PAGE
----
Dirty Harry, Wolverine, Richard B. Riddick, Jack Sparrow. These are just a few examples of pop culture figures we’ve dubbed as “antiheroes.” These characters share traits that deviate from the more idealistic hero stereotype. While antiheroes do ultimately help others, they do so in ways that—to the outside observer—seem selfish, chaotic, and even nihilistic.
Rather than serve as paragons of “honorable” behavior and optimism, antiheroes are often depicted as pessimistic and of questionable moral character. They are willing to bend or even break rules in order to accomplish their goals. Above all, they are flawed, just like any other human being.
The antihero is often thought of as a recent invention. In truth, the archetype is nothing new in mythology. Yet, the increasing popularity of flawed protagonists is no fluke. Their foibles and failings make antiheroes very relatable to modern men, who live in an age of unprecedented personal freedom and shifting definitions of masculinity.
So, what can men today learn from antiheroes?
You Don’t Have to Be Perfect
The image of the infallible hero is, well, a fallacy. In fact, many mythological heroes were deeply flawed. Take Hercules, for example. He was tricked by the goddess Hera into killing his family, proving he was far from omnipotent. It was this inciting incident that sent him on his famous twelve labors, which was really a journey of atonement.
The moral? Failure is a part of life. It is the spark that precedes great accomplishment. Disappointment, embarrassment, and anger at oneself can be great motivators, if you don’t simply wallow in them. Don’t fall prey to indulgent self-pity. You do yourself and the world a disservice by trying to avoid taking chances. Perfection is stagnation. To take action is to risk failure, but it’s also the only real path to success.
We All Contain Darkness and Light
We’ve all done things of which we’re not proud. We all have negative mental chatter arising from our instinct-driven “monkey minds.” We’ve all had thoughts that stray into worrisome territory. These things are normal results of our biology and our upbringing. As long as we’re not acting on our darkest desires, there’s no harm that arises from these fleeting notions. Don’t convict yourself for being a “thought criminal.”
The darkness within us is not a monster to be slain. You might as well cut off a limb. Rather, our dark side must be tamed. We do this by acknowledging the monster, accepting it as part of ourselves. Issues arise when we reject our shadow and treat it as an alien invader. Trying to exorcise your inner demons will only piss them off! The key is integration of your darkness, not separation.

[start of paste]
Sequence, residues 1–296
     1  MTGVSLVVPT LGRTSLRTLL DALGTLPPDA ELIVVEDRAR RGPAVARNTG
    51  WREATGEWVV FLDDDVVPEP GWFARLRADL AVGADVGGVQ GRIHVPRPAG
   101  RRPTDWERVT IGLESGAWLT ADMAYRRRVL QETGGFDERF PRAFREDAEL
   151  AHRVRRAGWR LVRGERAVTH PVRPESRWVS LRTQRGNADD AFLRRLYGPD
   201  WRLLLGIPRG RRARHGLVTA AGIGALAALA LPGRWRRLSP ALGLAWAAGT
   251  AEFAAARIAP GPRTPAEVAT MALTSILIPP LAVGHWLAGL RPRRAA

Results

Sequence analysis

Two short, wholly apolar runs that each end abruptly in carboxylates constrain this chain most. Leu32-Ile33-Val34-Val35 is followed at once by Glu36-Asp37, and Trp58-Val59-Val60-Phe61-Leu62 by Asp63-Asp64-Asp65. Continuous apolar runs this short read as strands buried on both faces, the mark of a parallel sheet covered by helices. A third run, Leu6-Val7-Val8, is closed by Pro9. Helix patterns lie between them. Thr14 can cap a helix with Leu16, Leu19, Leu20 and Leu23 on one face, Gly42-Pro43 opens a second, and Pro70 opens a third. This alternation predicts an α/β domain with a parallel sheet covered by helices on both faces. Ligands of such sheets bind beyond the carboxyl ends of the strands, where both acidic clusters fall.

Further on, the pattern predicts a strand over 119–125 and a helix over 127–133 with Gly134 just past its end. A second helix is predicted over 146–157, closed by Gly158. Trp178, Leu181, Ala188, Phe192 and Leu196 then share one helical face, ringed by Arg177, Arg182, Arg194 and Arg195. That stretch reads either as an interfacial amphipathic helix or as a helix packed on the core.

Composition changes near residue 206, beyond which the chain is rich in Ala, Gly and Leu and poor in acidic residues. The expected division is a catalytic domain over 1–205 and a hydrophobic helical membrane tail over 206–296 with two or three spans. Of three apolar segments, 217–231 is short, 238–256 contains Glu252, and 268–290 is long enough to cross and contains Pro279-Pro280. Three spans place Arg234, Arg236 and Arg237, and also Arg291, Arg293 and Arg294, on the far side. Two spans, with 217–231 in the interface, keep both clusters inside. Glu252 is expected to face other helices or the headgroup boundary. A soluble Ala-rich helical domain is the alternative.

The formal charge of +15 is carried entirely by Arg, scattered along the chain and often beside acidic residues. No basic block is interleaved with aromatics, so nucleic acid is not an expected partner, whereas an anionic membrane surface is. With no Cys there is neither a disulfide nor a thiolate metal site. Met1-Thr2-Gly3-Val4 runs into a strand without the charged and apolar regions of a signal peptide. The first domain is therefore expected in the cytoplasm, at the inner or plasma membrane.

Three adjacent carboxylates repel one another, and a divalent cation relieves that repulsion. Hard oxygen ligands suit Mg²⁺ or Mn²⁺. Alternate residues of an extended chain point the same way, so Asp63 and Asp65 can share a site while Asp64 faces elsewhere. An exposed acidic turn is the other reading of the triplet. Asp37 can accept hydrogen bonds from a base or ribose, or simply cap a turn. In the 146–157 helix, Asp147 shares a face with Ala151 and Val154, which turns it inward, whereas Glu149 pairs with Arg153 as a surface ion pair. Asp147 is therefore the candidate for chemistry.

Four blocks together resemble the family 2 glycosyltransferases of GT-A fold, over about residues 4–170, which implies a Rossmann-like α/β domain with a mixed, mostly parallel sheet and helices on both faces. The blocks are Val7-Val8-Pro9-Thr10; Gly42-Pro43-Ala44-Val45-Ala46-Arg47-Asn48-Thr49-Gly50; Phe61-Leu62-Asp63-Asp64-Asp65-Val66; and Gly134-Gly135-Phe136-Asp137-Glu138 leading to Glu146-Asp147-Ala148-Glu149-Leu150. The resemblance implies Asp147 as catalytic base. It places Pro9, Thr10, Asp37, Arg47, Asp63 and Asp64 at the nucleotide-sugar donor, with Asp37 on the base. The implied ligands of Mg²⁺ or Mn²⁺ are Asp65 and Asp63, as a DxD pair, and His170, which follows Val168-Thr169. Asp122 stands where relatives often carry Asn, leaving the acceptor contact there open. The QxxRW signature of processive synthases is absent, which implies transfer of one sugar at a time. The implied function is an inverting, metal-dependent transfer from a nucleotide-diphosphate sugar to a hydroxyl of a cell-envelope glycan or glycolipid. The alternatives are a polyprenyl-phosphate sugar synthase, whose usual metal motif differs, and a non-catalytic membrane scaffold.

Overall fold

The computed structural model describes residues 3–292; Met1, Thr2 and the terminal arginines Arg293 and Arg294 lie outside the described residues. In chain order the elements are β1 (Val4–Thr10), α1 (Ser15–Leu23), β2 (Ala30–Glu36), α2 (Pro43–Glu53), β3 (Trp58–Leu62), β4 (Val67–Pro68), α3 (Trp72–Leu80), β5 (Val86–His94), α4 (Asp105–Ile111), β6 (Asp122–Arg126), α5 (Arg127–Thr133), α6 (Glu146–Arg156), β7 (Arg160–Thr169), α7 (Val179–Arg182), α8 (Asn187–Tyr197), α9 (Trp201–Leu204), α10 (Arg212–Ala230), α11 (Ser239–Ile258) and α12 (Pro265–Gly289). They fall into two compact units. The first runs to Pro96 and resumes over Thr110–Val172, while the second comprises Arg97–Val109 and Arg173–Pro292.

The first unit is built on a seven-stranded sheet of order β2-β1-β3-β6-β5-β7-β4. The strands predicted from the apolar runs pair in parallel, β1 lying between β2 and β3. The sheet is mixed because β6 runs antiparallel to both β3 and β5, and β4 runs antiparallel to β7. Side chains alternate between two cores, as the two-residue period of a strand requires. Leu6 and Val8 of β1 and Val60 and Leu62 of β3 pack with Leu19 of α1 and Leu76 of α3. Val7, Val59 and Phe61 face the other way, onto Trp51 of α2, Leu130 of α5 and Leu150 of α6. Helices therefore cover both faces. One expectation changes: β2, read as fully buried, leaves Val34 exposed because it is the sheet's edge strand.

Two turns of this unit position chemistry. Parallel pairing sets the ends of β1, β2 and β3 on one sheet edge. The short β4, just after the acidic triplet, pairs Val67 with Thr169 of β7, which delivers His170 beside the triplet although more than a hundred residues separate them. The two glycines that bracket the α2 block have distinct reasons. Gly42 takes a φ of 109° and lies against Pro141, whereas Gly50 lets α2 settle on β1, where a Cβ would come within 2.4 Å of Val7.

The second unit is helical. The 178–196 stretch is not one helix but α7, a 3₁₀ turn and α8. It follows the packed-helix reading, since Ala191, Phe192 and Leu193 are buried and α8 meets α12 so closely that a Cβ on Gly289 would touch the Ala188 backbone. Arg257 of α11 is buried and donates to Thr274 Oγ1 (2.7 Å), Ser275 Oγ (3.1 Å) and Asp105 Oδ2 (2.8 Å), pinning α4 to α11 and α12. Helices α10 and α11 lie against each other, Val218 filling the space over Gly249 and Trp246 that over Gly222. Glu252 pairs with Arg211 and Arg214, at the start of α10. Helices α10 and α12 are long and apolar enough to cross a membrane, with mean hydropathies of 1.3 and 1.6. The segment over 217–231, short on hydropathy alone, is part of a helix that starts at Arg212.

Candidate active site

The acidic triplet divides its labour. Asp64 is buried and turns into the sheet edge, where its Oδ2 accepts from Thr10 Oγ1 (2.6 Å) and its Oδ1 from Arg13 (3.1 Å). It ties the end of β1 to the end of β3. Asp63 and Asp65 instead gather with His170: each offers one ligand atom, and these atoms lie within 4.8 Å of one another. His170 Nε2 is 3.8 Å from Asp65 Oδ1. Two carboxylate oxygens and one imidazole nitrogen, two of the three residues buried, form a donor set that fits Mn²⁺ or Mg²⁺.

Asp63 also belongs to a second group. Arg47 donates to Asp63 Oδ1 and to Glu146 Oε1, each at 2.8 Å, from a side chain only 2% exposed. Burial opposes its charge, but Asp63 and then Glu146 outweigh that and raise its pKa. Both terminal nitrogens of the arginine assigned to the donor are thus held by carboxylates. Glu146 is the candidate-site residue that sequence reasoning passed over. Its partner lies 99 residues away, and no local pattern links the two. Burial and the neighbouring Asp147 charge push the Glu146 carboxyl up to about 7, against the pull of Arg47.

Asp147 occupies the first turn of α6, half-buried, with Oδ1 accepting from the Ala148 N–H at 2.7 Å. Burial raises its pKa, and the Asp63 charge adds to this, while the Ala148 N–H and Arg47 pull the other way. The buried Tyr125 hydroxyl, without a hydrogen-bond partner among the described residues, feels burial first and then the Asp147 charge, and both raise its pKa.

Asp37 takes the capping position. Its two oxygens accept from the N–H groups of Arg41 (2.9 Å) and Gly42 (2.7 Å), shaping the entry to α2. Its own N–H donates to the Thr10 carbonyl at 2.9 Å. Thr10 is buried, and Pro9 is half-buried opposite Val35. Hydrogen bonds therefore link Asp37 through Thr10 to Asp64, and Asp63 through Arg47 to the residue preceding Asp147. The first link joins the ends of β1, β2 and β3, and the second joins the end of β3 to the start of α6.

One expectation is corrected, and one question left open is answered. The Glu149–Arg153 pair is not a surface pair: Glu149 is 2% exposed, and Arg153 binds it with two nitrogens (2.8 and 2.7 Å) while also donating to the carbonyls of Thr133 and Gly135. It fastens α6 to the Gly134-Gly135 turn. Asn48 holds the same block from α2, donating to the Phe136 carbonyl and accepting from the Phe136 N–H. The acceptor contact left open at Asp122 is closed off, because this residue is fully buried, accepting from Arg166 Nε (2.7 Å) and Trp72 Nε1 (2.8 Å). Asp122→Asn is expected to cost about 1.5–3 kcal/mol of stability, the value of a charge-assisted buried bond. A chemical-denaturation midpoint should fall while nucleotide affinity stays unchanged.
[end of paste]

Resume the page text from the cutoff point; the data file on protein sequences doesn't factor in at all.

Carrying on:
You must also remember to give thanks for your positive traits as well. Celebrate what is right about you, instead of just worrying about what is “wrong.” Above all, remember that very few of us are only “good” or “bad.” We all contain a shifting balance of virtues and vices. This dynamic tension is a part of every human. The more you make peace with this truth of our being, the less inner conflict you’ll feel.
Make Peace with Your Past and Move On
Yes, you should feel remorse for harmful things you’ve done. Embracing your darkness doesn’t mean you aren’t responsible for your actions. However, there is no redemption to be found in eternal self-flagellation. You cannot beat yourself into better behavior. At some point, punishment must give way to rehabilitation.
We can’t go back in time and change our actions in the physical world. But we can go back in our minds, and forgive ourselves for what we’ve done. The past is dead. All you can do is take advantage of the present and commit to being better in the future. If you can’t directly atone to the people you’ve hurt, you can at least commit to being better to others going forward.
Again, it’s normal and healthy to have regrets. But we must come to terms with our past actions, then move forward with life. The path of redemption is a true hero’s journey, during which we change from transgressor to someone worthy of self-esteem and the respect of others. We must give ourselves the chance to become better people. That won’t happen if we don’t show ourselves some kindness and forgiveness.
Got Writer’s Block?
We are a participatory media company. Join us.
Participate with the rest of the world, with the things you write and the things you say, and help co-create the world you want to live in.
If you believe in the work we are doing here at The Good Men Project, please join us as a Premium Member, today.
All Premium Members get to view The Good Men Project with NO ADS.
A $50 annual membership gives you an all-access pass. You can be a part of every call, group, class, and community.
A $25 annual membership gives you access to one class, one Social Interest group, and our online communities.
A $12 annual membership gives you access to our Friday calls with the publisher, our online community.
Register New Account
Need more info? A complete list of benefits is here.